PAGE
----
Liquidity risk is managed by ensuring that the Group has sufficient cash and cash equiva¬lents and short-term investments in a liquid market, available financing through agreed credit facilities and the possibility to close market positions. The Group has a strong financial position. At present, no new borrowing requirements exist, but should such requirements arise, there is currently no difficulty in obtaining external credit, as long as such credit meets certain covenants, on the borrower, such as debt-to equity and interest coverage ratio, which are at present satisfied. Management also meticulously follows rolling forecasts for the Group’s liquidity reserve on the basis of anticipated cash flows.
The Group’s objective with regard to the capital structure is to secure the Group’s ability to continue operating, so that it can continue to generate returns for shareholders and benefits for other stakeholders, and to maintain an optimal capital structure to keep the cost of capital down. To maintain or adjust the capital structure, the Group may change the dividend paid to shareholders, repay capital to shareholders, issue new shares or sell assets to reduce debt. The Group monitors capital on the basis of debt/equity ratio. This ratio is calculated as interest-bearing liabilities in relation to equity. The debt/equity ratio on 31 December 2022 was 2.5 per cent (2.3).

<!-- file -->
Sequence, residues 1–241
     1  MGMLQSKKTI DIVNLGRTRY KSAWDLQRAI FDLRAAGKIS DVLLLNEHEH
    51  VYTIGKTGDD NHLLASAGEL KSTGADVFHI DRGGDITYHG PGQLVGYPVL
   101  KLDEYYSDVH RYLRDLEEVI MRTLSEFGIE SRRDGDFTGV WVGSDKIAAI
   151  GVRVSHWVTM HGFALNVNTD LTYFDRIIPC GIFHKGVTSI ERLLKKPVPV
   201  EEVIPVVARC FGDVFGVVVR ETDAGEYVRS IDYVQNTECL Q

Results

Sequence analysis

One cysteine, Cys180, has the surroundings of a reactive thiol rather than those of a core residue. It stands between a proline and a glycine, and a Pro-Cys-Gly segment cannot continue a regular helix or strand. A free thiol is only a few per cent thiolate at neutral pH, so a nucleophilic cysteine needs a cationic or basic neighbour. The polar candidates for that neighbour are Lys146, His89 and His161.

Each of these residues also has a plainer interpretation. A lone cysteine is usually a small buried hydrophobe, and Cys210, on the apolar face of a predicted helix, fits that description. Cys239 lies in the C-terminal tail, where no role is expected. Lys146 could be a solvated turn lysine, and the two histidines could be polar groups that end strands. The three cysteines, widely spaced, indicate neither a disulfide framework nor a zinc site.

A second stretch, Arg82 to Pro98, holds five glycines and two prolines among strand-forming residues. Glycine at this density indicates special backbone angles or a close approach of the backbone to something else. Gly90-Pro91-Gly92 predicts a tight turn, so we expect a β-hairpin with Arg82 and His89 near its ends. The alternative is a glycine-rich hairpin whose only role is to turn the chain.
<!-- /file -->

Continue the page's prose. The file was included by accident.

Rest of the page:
Structural changes and changes in economic conditions
Market demand for the Group’s products, and thereby the Group’s sales, are impacted by factors outside of the Group’s control. An economic downturn in the markets where the Group operates could result in lower demand for the Group’s products. The most material sensitivity to the economic cycle is assessed at present to be the parts of the Group’s operations that deliver to customers in the construction and property sectors, and customers in the retail sector. In the same manner, structural changes in the markets where the Group operates could give rise to lower demand for the Group’s products. For example, changed consumption patterns and an accelerated transition from physical stores to online stores could negatively impact the segment of the Group’s operations that delivers to stores and warehouses. In both cases, the changes will negatively affect the Group’s operations, earnings and financial position. Moreover, there is a risk that the Group’s customers in sectors that are currently less sensitive to the economy would be negatively affected by extended periods of weak economic growth, high unemployment or other negative economic trends, primarily in Europe, or general concerns in the euro-zone, with a resulting decline in the capacity to pay. Accordingly, an economic downturn could negatively impact the Group’s operations, earnings and financial position.